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Professor C Heather Ashton DM, FRCP
August 28, 2001
School of Neurosciences
Division of Psychiatry
The Royal Victoria Infirmary
Queen Victoria Road
Newcastle upon Tyne NE1 4LP
The Ashton Manual · Professor Ashton's Main Page
Question posed by Barry Haslam: "Is mental illness caused by an imbalance of chemicals in the brain... ?"
Answer by Professor Heather Ashton: You ask what seems to be a simple question, but I am afraid the answer is far from simple. The idea that mental illness is caused by an imbalance of chemicals in the brain started in the 1950s when nearly all the currently used psychiatric drugs were discovered by chance to alleviate the symptoms of certain mental illnesses. For example, the monoamine oxidase inhibitors (MAOIs) were originally developed as a cure for tuberculosis, but it was found that patients with advanced TB became unusually happy when taking them, and this led to their use as antidepressants - e.g. phenelzine. The neuroleptics were originally introduced as antihistamines but it was found serendipitously that they alleviated some of the symptoms of schizophrenia which led to their use in that condition - e.g. chlorpromazine. The tricyclic antidepressants have a similar structure to chlorpromazine and were first tried in schizophrenic patients. It was noticed (by nurses) that those with depression became less depressed and this led to trials in patients with depression. Benzodiazepines were also discovered by chance when it was found that they calmed down aggressive and frightened experimental animals - and stopped Siamese fighting fish from fighting. They were then tried in humans and found to have dramatic effects in alleviating panic attacks (in very large doses), and their use then enlarged to include all forms of anxiety.
Many of the early trials of all these drugs were financed by the drug companies whose chemists had developed these drugs and were looking for a market. The drugs were mostly initially tried in hospitals in Europe which had chronic patients, usually with schizophrenia or TB. However, the psychiatrists quickly embraced the idea that if chemicals could help mental conditions, then the conditions must be caused by chemical imbalances.
This idea stimulated further research (largely by drug companies) to find out the actions of the drugs. Neuroleptics were found to block dopamine receptors and from that grew the dopamine theory of schizophrenia. Antidepressants were found to increase monoamines, including serotonin, and from that grew the serotonin theory of depression. Benzodiazepines were, later, found to bind to GABA receptors (like barbiturates) and that engendered a spate of similar drugs which were used in all anxiety conditions (which are very common).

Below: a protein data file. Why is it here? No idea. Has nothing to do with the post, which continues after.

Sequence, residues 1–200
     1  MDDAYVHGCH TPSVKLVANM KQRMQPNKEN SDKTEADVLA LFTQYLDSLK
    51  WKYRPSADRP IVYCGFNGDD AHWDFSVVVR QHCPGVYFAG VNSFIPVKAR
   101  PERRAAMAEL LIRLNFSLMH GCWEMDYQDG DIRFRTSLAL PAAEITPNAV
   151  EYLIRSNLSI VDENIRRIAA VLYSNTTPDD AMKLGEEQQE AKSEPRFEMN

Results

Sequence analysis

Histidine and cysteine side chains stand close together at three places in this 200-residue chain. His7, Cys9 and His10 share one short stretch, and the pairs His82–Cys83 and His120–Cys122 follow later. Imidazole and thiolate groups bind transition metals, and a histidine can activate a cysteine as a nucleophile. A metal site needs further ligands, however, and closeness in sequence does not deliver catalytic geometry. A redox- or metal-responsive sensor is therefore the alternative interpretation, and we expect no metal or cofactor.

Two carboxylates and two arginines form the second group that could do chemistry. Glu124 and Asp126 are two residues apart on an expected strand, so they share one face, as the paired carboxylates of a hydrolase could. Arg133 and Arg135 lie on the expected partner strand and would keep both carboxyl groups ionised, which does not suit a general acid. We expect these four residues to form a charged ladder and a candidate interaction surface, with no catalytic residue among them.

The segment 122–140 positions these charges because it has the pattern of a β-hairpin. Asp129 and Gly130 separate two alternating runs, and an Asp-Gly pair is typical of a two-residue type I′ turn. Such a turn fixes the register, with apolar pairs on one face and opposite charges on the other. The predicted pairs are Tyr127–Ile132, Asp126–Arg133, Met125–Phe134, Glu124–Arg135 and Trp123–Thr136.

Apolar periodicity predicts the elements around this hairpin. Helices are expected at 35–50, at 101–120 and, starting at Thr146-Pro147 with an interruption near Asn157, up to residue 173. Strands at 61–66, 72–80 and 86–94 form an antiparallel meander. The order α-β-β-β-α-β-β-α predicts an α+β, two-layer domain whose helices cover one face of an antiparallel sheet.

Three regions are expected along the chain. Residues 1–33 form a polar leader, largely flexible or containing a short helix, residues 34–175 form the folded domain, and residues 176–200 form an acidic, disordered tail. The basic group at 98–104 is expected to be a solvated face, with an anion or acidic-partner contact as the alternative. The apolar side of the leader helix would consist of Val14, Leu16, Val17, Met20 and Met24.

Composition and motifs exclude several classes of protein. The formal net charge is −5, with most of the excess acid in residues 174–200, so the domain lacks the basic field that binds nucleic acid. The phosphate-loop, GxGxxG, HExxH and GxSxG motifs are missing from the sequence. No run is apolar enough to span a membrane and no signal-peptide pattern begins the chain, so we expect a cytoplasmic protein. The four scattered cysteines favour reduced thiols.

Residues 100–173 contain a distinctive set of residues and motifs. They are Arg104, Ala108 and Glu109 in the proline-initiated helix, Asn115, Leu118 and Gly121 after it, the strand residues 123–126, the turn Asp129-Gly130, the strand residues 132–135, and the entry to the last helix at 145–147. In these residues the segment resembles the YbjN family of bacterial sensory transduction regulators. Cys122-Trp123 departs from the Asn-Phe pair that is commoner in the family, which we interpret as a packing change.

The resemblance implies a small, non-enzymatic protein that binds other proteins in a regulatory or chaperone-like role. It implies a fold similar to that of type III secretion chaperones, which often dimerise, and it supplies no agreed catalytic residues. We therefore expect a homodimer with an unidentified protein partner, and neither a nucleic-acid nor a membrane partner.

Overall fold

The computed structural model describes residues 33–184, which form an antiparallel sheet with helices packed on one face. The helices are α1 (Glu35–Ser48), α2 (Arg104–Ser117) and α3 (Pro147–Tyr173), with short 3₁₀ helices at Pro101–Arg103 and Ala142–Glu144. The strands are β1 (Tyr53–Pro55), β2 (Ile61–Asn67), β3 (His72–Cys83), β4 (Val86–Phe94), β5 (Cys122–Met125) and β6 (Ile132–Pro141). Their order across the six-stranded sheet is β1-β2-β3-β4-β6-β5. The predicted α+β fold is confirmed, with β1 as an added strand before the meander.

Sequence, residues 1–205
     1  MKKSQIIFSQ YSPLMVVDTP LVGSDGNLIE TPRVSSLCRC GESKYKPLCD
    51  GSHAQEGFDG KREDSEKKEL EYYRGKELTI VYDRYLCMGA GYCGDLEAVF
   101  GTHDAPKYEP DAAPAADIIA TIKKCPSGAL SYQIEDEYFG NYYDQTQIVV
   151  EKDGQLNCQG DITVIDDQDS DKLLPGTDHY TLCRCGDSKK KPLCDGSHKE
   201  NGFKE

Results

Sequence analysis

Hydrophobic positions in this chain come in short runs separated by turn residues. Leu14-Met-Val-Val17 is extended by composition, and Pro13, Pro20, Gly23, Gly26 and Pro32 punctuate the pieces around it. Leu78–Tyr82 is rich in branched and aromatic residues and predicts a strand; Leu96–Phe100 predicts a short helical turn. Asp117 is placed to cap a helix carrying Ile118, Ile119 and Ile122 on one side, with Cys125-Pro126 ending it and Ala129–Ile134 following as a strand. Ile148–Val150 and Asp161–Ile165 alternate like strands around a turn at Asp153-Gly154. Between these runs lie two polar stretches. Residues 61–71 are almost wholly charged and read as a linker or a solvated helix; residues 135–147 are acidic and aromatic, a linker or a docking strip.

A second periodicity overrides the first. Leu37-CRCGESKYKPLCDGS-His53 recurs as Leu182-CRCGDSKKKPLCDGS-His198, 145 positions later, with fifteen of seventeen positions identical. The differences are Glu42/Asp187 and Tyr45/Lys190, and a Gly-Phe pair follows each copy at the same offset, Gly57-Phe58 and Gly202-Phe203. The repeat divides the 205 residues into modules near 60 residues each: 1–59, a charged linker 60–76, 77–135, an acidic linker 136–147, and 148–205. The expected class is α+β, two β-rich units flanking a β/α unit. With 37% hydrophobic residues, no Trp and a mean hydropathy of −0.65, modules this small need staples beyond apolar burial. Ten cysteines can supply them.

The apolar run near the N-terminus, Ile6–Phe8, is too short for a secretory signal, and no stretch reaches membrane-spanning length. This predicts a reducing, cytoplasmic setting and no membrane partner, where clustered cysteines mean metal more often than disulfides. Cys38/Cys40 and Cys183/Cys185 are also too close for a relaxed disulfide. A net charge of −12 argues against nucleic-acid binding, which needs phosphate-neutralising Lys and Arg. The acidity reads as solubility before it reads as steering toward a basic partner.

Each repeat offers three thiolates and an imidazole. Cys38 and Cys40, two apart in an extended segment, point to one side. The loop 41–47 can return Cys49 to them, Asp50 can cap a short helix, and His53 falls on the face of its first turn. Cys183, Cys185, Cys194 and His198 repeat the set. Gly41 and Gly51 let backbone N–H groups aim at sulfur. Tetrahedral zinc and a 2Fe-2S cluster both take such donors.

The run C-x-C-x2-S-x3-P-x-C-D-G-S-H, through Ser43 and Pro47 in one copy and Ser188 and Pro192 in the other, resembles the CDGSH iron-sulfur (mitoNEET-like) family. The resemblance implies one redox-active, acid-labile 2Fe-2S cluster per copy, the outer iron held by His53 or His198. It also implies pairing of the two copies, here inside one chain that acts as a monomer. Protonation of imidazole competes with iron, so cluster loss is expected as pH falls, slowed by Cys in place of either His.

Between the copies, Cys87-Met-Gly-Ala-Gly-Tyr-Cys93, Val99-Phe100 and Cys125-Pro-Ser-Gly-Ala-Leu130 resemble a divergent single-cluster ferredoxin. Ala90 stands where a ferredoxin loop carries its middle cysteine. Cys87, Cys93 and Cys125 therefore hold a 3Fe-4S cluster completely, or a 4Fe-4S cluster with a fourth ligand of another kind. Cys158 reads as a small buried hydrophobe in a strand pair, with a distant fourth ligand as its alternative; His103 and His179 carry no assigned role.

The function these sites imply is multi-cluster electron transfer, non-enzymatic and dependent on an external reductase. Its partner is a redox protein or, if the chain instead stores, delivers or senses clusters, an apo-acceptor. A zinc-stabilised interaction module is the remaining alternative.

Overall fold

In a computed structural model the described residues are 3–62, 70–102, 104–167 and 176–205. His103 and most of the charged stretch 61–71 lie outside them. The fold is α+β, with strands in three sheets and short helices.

While drug companies certainly encouraged the idea that mental illnesses are caused by imbalance of brain chemicals (and even "invented" illnesses to go with the drugs - see accompanying book review), psychiatrists quickly lapped up the idea because it gave them an easy (and better at the time) form of treatment. Also it started a sort of revolution in scientific thought because for the first time symptoms that were thought of as merely "psychological" appeared to have a real physical/chemical basis; this provoked much further research into the way the brain works.
There is probably a grain of truth in this idea, although it is now clear that it is a gross oversimplification. You just cannot just say schizophrenia = dopamine imbalance; depression = serotonin imbalance; anxiety = GABA imbalance, etc. However, it is now recognised that the brain works on a physicochemical basis and that every symptom has a real cause which probably involves complicated interactions between a large number of neurotransmitters. Whether psychiatric or psychological symptoms can be cured by drugs is of course another matter. Furthermore, when the drugs were introduced nobody thought of long-term effects, dependence or withdrawal reactions! We still don't know the answers, but we have to admit that some drugs have helped some people (sometimes dramatically) and that they have increased understanding of brain functions. It is clear that drugs have to be used judiciously with awareness of their adverse effects and hope that things will improve as understanding grows. Whether drugs will ever "cure" mental illnesses remains a matter for doubt.
I enclose a book review about psychopharmacology which I wrote by request for the British Journal of Psychiatry. This covers some other facets of your question, and you will see that I am as troubled about the influence of the drug companies as you are.
Congratulations on your recent award as campaigner of the year.
Professor Ashton's Main Page
See also: Brainwashed: Mental illnesses are caused by chemical imbalances in the brain, right? Wrong, says Craig Newnes, The Guardian, January 10, 2002
The Ashton Manual · Professor Ashton's Main Page
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